The petitioners have thus prayed for several measures of relief which will be argued upon before the same bench that has already heard a matter pertaining to a similar batch of petitions.
Senior Advocate Shyam Divan, who concluded his fiery argument against the Aadhaar Act, is expected to lead the charge for this petition as well.

Representing a batch of petitioners Senior Advocate Arvind Datar had submitted that unless the court intervened, if the government invalidated the Permanent Account Number (PAN) card if it was not linked to the Aadhar card — one of the provisions of the Finance Act, then an individual would be crippled.

While Datar restricted his arguments on the merits of the law, Divan took the opportunity to highlight how dangerous it would be to allow private entities — who have been contracted by the government to make Aadhar cards, access to your most important and personal details of your life.

"We gave birth to a state. We are sovereign. [Is the state] by an electronic leash, going to walk us around like a dog for the rest of our life?," he submitted. "No where in the world, electronic tagging to this extent is taking place. The last time citizens were numbered it was in [Nazi] concentration camps," Divan had said.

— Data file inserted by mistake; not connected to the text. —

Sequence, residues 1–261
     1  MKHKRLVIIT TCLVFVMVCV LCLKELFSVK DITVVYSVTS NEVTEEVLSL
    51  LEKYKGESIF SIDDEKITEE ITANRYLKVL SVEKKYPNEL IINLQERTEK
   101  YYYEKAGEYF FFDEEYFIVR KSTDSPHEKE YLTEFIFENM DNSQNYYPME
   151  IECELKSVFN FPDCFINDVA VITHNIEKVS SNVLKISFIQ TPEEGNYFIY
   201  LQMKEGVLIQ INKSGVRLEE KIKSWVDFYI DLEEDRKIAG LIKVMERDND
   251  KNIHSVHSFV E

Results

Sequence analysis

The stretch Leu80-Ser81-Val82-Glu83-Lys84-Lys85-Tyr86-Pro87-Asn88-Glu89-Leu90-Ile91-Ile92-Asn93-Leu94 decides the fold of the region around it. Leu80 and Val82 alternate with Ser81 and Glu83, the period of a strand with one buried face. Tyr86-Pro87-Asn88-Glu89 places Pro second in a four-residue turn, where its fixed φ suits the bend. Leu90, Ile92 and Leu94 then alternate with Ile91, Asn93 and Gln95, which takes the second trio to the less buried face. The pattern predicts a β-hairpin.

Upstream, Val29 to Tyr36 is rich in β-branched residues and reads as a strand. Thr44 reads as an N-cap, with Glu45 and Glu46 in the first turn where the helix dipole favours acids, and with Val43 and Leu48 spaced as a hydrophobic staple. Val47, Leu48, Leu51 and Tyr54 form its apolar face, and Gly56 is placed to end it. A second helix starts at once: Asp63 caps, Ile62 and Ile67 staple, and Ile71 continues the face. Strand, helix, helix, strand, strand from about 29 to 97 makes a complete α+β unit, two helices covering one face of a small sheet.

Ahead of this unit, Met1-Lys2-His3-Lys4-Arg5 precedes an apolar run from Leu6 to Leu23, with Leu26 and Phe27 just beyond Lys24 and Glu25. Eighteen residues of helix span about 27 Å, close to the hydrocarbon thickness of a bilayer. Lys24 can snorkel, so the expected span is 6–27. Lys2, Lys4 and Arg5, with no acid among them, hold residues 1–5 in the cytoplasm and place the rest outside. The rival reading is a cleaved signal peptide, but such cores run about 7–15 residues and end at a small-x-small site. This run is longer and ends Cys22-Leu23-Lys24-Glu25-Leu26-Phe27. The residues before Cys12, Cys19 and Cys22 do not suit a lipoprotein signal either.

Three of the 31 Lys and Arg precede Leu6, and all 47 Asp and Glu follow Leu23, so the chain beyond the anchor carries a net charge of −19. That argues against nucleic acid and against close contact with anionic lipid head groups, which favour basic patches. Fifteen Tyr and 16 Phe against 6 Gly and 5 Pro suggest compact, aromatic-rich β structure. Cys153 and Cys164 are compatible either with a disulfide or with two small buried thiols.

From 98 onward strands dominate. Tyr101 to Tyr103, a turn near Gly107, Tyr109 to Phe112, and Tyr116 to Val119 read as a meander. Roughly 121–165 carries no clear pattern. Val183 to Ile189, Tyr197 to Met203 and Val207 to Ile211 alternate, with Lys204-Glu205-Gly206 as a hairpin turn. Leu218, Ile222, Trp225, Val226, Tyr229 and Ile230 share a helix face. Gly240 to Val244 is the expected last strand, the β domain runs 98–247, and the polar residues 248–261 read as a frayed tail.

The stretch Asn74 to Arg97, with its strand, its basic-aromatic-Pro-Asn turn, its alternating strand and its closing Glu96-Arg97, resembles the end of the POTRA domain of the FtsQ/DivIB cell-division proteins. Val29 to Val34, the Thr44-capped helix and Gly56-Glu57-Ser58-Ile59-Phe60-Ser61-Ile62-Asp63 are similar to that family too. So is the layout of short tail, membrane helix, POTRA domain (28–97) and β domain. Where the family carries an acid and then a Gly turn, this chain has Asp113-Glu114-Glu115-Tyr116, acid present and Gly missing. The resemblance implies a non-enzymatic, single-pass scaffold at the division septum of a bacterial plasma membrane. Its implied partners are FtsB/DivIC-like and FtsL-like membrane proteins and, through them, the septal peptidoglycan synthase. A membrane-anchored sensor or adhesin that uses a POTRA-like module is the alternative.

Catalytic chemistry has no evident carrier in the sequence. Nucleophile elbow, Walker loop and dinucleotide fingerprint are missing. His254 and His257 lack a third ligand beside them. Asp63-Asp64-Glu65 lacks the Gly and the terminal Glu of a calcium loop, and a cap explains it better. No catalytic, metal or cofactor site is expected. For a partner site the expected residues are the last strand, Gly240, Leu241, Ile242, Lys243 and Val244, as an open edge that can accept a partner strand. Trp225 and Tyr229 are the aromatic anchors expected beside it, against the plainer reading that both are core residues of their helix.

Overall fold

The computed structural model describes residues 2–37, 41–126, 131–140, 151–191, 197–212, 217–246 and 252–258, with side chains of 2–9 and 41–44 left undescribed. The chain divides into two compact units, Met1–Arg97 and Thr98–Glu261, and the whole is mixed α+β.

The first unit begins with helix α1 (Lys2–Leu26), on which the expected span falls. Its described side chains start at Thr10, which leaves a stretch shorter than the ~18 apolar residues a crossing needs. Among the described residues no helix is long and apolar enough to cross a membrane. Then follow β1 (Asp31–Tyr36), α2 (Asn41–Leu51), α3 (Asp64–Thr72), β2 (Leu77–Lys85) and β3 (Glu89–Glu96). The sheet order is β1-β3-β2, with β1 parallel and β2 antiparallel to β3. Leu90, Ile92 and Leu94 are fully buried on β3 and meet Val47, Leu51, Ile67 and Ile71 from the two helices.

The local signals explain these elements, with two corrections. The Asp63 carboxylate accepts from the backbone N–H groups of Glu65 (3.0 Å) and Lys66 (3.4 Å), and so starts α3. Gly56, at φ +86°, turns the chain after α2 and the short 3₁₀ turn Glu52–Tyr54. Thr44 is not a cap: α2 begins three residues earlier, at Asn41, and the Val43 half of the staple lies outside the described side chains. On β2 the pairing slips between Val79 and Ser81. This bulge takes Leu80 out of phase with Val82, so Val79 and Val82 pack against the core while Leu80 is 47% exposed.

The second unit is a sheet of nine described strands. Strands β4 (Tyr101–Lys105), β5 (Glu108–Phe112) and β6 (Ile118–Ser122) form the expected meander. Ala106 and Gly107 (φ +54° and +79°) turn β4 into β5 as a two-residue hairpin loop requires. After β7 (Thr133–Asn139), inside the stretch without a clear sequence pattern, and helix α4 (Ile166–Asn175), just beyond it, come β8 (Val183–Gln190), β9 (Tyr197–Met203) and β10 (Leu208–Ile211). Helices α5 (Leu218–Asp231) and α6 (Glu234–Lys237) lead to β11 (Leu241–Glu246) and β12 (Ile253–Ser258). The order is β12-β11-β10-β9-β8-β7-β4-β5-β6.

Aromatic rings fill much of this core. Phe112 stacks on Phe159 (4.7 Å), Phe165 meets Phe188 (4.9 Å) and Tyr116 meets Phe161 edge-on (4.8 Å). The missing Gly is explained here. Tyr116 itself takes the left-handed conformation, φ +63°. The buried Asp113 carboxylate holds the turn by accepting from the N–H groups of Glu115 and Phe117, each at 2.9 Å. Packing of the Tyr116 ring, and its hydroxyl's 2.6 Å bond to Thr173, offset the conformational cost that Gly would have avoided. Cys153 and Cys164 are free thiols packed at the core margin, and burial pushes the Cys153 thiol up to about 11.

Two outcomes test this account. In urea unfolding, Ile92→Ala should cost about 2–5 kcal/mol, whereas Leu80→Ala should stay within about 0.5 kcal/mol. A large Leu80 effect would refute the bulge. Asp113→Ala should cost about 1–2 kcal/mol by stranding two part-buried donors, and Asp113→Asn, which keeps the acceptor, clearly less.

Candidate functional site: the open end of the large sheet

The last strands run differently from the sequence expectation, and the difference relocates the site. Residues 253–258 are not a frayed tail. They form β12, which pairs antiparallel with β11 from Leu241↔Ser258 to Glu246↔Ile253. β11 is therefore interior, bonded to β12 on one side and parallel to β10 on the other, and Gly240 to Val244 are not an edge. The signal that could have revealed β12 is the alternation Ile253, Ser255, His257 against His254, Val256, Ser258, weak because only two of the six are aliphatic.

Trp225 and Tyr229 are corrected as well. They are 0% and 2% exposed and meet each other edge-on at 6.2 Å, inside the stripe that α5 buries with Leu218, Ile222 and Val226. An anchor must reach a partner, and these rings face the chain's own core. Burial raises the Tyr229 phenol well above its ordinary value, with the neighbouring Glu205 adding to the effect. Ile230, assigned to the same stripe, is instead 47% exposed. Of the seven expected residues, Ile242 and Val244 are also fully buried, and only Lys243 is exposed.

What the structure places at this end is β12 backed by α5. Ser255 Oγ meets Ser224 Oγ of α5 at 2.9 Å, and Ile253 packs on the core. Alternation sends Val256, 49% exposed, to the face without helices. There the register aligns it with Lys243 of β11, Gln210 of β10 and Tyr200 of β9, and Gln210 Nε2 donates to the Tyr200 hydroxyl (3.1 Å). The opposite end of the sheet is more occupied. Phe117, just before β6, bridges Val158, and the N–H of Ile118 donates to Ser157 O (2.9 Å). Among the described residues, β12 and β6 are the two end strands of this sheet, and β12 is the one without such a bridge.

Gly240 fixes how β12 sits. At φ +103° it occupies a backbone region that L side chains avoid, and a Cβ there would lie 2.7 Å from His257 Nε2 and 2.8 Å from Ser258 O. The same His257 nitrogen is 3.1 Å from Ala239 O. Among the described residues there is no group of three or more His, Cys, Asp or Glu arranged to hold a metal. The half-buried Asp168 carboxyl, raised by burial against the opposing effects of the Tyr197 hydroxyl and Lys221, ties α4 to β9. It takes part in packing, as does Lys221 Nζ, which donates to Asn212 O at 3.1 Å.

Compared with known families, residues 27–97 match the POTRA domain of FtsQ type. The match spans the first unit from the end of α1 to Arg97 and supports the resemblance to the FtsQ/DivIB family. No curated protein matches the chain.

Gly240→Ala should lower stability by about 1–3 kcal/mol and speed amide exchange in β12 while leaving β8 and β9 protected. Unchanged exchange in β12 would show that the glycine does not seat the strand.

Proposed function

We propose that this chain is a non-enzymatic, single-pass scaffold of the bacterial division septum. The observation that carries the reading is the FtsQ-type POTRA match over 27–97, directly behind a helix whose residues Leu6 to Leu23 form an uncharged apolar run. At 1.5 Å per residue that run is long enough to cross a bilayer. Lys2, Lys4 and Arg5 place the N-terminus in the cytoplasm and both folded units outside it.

While in earlier petitions only certain sections of the Finance Act were challenged, the new petition challenges the Aadhaar Act itself.
The petitioners contend that the Centre has resorted to coercive measures in an attempt to compel the citizens to enroll for Aadhaar, a clear contradiction of the provisions of the Act.

The Centre, however, had earlier itself submitted that the Aadhaar Act was not voluntary as it has been perceived and that the citizen has no absolute right over his body.